EEG Current Source Density and the Surface Laplacian

In some of our recent work, we use Surface Laplacians to estimate Current Source Density (CSD) from EEG data.

This transforms the data from a measure of electric potentials at the scalp to an estimate of underlying current sources and sinks: the Current Source Density (CSD). The Surface Laplacian can also be thought of as a spatial high-pass filter applied to the data, which attenuates low-spatial-frequency signals that are broadly distributed across the scalp, but preserves high-spatial-frequency signals that are more localised.

I’ve learned a lot about this approach from

However, despite these great resources, I wasn’t happy with my intuitions about how this works. In this post, I work through a toy example that helped me make sense of just why and how this method works.

Disclaimer: I’ve written this post mostly to help me understand something myself. I’m not the expert here, and it may all be horribly wrong. No warranties.

import numpy as np
import matplotlib.pyplot as plt
from scipy import stats
import seaborn as sns
sns.set(rc={'figure.figsize':(8, 6)},

The Surface Laplacian

To begin, let’s pretend the world is two-dimensional, because it makes things simple.

  • A Laplacian is basically a spatial second-order derivative.

  • A derivative is a number that indicates how quickly something changes.

  • A spatial derivative indicates how much something changes from place to place. If we measure elevation about sea level at two points 10 m apart and find the first is at +5 m while the second is at +15, the spatial derivative is the slope between the these two places. More formally, $\frac{\delta Elevation}{\delta Location}$ (change in elevation per change in location) = $\frac{10\ m}{10\ m} = 1$ meters per meter.

  • A second derivative indicates how quickly the first derivate changes. Imagine a third point another 10 m further along that is 30 m above sea level. Remember, we’re pretending everything is two-dimensional, so all these points are along a line. The slope between points 1 and 2 is $\frac{10\ m}{10\ m} = 1$. The slope between points 2 and 3 is $\frac{15\ m}{10\ m} = 1.5$. The difference in slopes is $0.5$.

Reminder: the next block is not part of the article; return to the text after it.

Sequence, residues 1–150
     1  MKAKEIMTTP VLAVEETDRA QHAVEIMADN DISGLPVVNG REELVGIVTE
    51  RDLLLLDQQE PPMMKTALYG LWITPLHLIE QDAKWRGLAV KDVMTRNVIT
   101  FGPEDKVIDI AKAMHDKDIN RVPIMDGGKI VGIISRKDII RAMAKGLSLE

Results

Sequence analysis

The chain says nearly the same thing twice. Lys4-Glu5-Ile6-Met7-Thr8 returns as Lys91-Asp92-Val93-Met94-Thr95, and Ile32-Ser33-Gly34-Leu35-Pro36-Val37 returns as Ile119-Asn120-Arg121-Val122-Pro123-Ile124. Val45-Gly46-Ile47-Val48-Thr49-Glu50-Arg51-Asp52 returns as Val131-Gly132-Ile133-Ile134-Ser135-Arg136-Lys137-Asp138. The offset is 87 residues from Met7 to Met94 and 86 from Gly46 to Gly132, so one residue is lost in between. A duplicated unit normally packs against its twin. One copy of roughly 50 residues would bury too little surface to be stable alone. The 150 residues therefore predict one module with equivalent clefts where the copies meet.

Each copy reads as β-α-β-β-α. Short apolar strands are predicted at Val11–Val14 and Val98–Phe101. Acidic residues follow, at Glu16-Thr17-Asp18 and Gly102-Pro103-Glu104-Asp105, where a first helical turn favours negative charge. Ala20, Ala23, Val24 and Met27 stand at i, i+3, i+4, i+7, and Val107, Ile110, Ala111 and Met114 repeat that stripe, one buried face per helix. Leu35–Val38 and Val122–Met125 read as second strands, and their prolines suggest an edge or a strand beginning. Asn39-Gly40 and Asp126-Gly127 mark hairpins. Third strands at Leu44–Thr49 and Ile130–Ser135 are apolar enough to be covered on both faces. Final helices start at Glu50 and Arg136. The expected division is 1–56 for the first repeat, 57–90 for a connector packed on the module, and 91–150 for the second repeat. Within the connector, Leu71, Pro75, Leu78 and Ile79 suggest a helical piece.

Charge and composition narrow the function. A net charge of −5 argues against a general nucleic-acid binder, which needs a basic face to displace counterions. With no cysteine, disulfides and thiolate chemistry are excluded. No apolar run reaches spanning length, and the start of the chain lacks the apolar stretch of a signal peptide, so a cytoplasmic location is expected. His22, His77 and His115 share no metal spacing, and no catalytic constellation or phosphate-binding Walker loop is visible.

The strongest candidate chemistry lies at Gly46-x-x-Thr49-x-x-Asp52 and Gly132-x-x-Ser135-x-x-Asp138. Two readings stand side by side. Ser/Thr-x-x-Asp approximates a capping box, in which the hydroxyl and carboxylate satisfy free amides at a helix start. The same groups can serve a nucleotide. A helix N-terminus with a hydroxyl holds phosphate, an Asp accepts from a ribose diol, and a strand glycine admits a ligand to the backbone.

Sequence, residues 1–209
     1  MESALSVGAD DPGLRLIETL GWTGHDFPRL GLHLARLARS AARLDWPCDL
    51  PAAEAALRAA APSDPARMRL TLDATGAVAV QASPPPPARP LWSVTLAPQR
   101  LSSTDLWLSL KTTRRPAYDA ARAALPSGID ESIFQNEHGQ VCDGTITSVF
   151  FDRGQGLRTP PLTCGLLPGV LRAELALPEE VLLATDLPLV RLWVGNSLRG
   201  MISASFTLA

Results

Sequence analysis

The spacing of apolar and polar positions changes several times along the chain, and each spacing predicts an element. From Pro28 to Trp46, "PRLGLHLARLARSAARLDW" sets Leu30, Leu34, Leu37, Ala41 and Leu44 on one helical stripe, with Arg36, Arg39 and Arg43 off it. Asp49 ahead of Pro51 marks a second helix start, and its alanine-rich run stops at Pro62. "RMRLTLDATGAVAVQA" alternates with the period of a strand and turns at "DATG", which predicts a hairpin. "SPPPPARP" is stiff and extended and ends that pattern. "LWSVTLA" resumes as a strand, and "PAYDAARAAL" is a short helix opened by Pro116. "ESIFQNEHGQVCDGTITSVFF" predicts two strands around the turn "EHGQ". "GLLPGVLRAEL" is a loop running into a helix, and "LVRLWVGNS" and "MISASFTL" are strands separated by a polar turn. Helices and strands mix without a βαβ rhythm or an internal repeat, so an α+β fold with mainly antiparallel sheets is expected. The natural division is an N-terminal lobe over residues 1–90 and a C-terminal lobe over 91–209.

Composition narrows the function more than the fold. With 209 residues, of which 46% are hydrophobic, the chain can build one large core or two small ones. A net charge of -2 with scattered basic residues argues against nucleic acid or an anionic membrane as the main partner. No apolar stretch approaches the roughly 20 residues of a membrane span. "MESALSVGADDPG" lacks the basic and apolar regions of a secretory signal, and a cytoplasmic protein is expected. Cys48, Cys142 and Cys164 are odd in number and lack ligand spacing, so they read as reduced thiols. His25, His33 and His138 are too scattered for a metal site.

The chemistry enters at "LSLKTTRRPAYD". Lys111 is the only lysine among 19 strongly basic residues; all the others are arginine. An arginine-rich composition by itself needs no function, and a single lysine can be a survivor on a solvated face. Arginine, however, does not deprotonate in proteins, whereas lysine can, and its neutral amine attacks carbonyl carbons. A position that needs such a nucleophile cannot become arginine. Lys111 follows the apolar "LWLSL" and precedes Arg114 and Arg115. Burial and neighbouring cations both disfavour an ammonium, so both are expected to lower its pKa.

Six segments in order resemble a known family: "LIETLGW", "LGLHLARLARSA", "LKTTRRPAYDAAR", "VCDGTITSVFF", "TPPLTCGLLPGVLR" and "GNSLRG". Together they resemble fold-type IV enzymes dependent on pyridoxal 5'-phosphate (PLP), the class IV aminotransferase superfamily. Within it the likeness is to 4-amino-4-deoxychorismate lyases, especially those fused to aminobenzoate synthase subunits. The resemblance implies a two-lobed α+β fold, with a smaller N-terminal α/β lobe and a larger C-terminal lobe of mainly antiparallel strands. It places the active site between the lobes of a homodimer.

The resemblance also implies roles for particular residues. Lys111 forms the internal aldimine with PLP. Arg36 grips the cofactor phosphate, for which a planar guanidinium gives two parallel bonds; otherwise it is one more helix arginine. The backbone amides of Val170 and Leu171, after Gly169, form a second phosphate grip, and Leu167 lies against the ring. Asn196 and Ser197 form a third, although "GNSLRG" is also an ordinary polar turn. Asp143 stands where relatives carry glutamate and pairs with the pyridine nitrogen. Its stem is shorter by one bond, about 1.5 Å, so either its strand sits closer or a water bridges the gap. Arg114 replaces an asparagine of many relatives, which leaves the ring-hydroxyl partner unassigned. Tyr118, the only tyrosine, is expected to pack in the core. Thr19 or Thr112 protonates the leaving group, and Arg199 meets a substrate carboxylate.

Here’s all of the above in plot form.

delta_loc = 10
locs = np.array([0, 10, 20])
heights = np.array([5, 15, 30])
diff_height = np.diff(heights)
diff_diff_height = np.diff(diff_height)

diff_locs = locs[:-1] + .5*delta_loc   # Keep the x-axis properly aligned
diff_diff_locs = locs[:-2] + 1*delta_loc

plt.plot(locs, heights, '-o', label='Elevation (m)')
plt.plot(diff_locs, diff_height, '-o', label=u'Slope (δ Elevation)')
plt.plot(diff_diff_locs, diff_diff_height, '-o', label=u'δ Slope')
plt.hlines(0, *plt.xlim(), linestyle='dashed')
plt.xlabel('Location (m)')


EEG Laplacians

So why does calculating the second spatial derivative of the EEG signal help us? To see, I simulate some one-dimensional data (pretend we only have electrodes on the midline) illustrating a common issue in EEG: our data contains a small, narrow negative component and a large, broad positive one.

electrode_spacing = .1
space = np.arange(0, 10, electrode_spacing)
comp1 = 2 * stats.norm.pdf(space, loc=4, scale=1)
comp2 = -.25 * stats.norm.pdf(space, loc=5, scale=.5)

def do_label():
    plt.legend(loc='upper right')
fig_ground_truth = plt.figure()
for comp, label in zip([comp1, comp2], ['Positive', 'Negative']):
    plt.plot(space, comp, label=label)


Of course, in our recordings both of these components are superimposed, and the little one is obscured by the big one. Poor little component.

eeg_signal = comp1 + comp2
plt.plot(space, eeg_signal, label='EEG Signal')


Where did our negative component go? It’s still there, as a wiggle on the right hand side of the positive component, but good luck detecting this in noisy data. Yes, I did tweak these parameters to make the effect particularly dramatic.